Super PACs, the Presidential Election, and the Public Good

This is going to be a very close election — close enough that, if Romney wins, a key factor will be Citizens United and related judicial rulings that have helped create the Super PACs.  Figures collected by the LA Times show that since April 15, Super PACs have spent over $216 million to defeat Obama versus only $73 million to defeat Romney, a 3:1 margin favoring Romney.  These lopsided Super PAC expenditures expand the influence of business interests that resent environmental regulation, versus ordinary Americans who benefit from cleaner air and water.  If Romney manages to eke out a victory, the $140 million edge in Super PAC spending will be at least a thumb on the scales in his victory.

The Supreme Court takes the view that the role of big money donors is just to enrich the public debate.  That seems naive, to say the least.  The influence of big money distorts the political process in several ways  First, it skews political power toward the wealthy.  When Sheldon Adelson gives $37 million to Super PACs, he has as much influence as 370,000 middle-class Americans making $100 campaign contributions.  Second, it increases political polarization.  The incentive to make a big gift is strongest for those with the most intense political feelings and the most intensive opposition to the other side — which means people who probably aren’t centrists.  Third, it increases special interest influence, since the big donors represent business interests that officials have strong reasons to cultivate.

Today’s Super PACs are the end result of a long series of judicial attacks on campaign finance reform stretching back to 1976. Super PACs are “independent” action committees that can accept unlimited donations from individuals and corporations.  For example, Chevron donated $2.5 million to a pro-Romney Super PAC. (So if you buy gas from Chevron, you’re making a campaign contribution to Romney). The largest donors, however, are billionaires such as the two largest: casino mogul Sheldon Adelson and Harold Simmons, who is (primarily) in the titanium business and has been the subject of many Superfund lawsuits.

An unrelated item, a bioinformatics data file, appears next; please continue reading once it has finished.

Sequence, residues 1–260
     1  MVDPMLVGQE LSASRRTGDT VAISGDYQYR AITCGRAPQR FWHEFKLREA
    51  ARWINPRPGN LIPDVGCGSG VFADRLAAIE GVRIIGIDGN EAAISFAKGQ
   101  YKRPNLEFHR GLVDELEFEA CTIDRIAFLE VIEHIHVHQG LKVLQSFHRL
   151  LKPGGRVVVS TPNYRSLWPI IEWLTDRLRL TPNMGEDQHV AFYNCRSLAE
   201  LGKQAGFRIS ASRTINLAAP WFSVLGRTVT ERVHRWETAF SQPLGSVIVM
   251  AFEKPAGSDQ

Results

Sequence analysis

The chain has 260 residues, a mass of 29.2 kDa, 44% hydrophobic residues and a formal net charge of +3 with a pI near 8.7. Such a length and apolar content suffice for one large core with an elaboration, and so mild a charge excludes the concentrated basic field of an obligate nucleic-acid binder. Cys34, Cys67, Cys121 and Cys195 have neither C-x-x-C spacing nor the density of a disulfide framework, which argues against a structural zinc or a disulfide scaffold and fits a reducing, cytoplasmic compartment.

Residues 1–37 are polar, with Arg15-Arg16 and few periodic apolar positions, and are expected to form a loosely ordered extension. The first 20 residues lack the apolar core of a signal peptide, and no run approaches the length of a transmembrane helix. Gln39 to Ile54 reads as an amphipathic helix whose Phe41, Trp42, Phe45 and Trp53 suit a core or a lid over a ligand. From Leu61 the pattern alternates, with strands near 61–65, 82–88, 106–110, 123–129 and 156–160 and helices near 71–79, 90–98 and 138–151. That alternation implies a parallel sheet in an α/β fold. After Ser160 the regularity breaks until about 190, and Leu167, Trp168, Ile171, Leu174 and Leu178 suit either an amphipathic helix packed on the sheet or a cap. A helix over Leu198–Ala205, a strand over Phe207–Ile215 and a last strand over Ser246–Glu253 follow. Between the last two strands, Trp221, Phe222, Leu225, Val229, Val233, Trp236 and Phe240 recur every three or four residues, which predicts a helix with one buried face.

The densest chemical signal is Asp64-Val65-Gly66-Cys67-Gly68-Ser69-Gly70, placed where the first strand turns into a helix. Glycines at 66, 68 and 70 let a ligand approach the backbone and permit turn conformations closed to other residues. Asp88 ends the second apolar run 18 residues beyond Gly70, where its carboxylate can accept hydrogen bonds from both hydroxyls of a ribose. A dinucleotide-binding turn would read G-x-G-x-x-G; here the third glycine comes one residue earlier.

These committees work closely with the candidates even though they are supposedly independent. Candidates can speak at fundraisers for Super PACs, as in Romney’s now famous fundraising speech in Boca Raton.  Members of a candidate’s staff can leave the campaign to run Super PACs to ensure that the Super PAC sticks with the candidate’s campaign strategy.  So the independence of Super PACs is something of a myth that courts endorse in order to minimize the cozy relations between donors and candidates.

It doesn’t take much to sway a super-close election. In the 2000 election, the difference between victory and defeat for George Bush was the butterfly ballot, the design mistake by a local official that led to thousands of votes for Pat Buchanan by people who thought they were voting for Al Gore.  The huge edge in Super PAC spending will make a lot more difference than the butterfly ballot.  The net effect of Super PAC’s, and the political influence purchased by their supporters, will be to increase the power of special interests and undermine the power of the government to produce public goods like environmental quality.

Reader Comments

4 Replies to “Super PACs, the Presidential Election, and the Public Good”

Comments are closed.

About Dan

Dan Farber has written and taught on environmental and constitutional law as well as about contracts, jurisprudence and legislation. Currently at Berkeley Law, he has al…

READ more